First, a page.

Recently, I was meeting with a SADBU representative, and they ere thrilled to have completed their very first WOSB set aside. Many contracting officers want to do the right thing, however, adding a sense of urgency -- pay incentive for reaching goals and consequences for falling short - may significantly change the practices of underperforming agencies in the number and value of set asides going WOSB.
Small businesses are just as competitive in performing work as large public traded companies and women-owned business just as effective as their male counterparts -- sometimes even better, as smaller businesses can be nimble and adapt to change quickly, while neutral gender leadership teams can outperform companies that have leadership teams that are one-sided.
By ensuring WOSB set aside goals are met at every agency will ultimately lead to better job creation and higher income growth. Adding pay-for-performance incentives for leaders and all acquisition and contracting personnel will give agencies the motivation needed to shift a larger pool of contracting dollar to women-owned businesses, exponentially benefiting employment rates and the economy.
That's one small step for (wo)man (owned businesses), one giant leap for the economy.
*November 16,2011, Amy Kenigsberg, Sparxoo Blog
**The American Express OPEN state of women-Owned Business Report, published March 2011
2:30 PM May 7, 2013
Women Impacting Public Policy exists to give women entrepreneurs a seat at the legislative roundtable in our nation's capital; and WIPP members nation-wide are stepping up to fill that seat. No matter how many boots we have on the ground in Washington, there is nothing more powerful for Members of Congress than hearing from their own constituents, so our members have been meeting with their Representatives in their home districts.
Members have met with their Senators and Representatives to share how the policies manufactured in DC can affect their lives as small business owners. In addition to sharing how legislation affects entrepreneurs, our members are also sharing some policy guidelines for important issues. Chief among the topics discussed during these meetings are procurement and access to capital.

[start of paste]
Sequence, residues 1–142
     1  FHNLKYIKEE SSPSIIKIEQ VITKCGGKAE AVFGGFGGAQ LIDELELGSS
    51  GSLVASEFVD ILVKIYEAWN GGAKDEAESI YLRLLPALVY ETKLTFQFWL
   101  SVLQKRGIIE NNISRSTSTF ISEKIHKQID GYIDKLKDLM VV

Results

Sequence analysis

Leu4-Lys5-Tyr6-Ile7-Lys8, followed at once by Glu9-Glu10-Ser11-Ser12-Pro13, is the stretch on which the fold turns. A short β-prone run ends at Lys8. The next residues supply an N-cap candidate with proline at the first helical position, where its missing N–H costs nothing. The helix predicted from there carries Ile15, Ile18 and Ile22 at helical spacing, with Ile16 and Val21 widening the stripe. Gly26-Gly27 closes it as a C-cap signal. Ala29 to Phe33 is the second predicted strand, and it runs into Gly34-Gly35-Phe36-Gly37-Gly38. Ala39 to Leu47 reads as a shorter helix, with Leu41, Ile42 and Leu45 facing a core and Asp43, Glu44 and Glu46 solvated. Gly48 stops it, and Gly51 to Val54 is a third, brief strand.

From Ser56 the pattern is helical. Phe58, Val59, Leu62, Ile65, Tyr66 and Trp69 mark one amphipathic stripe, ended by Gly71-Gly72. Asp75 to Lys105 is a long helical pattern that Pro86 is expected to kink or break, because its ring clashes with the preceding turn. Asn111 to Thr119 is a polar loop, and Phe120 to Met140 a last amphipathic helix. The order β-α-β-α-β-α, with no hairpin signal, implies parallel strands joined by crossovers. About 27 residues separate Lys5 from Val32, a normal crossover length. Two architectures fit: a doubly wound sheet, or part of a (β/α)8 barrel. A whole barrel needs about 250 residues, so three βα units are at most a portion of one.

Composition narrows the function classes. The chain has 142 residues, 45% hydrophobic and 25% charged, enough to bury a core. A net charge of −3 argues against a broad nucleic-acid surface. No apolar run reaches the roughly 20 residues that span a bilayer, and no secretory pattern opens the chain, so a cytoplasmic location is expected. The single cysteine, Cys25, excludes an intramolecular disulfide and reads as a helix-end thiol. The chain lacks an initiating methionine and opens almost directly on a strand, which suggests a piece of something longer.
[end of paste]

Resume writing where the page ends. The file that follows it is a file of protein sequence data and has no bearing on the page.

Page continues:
WIPP is dedicated to building a robust Women-Owned Small Business Federal Contract Program (WOSB) that will allow the government to reach and hopefully exceed its 5% goal for contracting to women-owned businesses. In FY12, the first year of the WOSB program, only $72.5 million was awarded to women-owned businesses - that is less than the cost of a single drone. With the recent lifting of the contract award limits on the WOSB program we expect this program to successfully do what it was intended: help women do business with the world's largest customer, he federal government.
Another area of policy that needs attention I access to capital. Every time we survey our vast array of members, access to capital is continually atop the list of concerns for small business owners. Our members have used their meetings as a forum for discussion toward addressing the dearth of capital for our entrepreneurs; to that end they have helped us urge Congress to take the following steps to free up much needed capital: One, raise the current cap on credit union lending to small businesses. Two, urge the Securities and Exchange Commission to promulgate rules to allow crowdfunding to thrive. Three, support the SBA Microloan program. Four, increase funding or much needed financial business training for women-owned businesses through programs funded through the SBA and the Department of Agriculture.
Bringing these messages to congress will no only help alleviate the impediments to growth set on our businesses today, but will also help shape the policies of tomorrow. Together with the support of our partners, the powerful advocacy of our members and the cooperation of our Representatives of Congress, we will unleash the power of America's fastest growing economic segment - women entrepreneurs.
By Cielo Villasenor, WIPP Government Relations
11:44 PM April 28, 2013
By Barbara Kasoff
A few weeks ago I had the chance to spend some time talking to the people at MyHealthteams. I began talking with them for a couple of reasons: first, because of a series WIPP is doing on chronic disease, and second because in my family there are two members with chronic disease - autism and breast cancer. I know first hand the loneliness, anxiety and frustration that so man people experience every day. I asked them to tell me about their work, I took a tour of their sites and I was overwhelmed with what I saw. Here's a blog I asked them to write sharing the information about MyHealthteams. Let me know what you think!
Talk to anyone impacted by a chronic condition - autism, multiple sclerosis, breast cancer - whatever disease or condition, they will all tell you it's not easy. It's not easy finding the support that best suits them. It's not easy finding providers. It's not easy period. At MyHealthTeams we create social networks for chronic condition communities. We believe that when you or a loved one are diagnosed with a disease it should be easy to connect with people just like you, who can share their daily experiences, and help you discover the best people around to help you.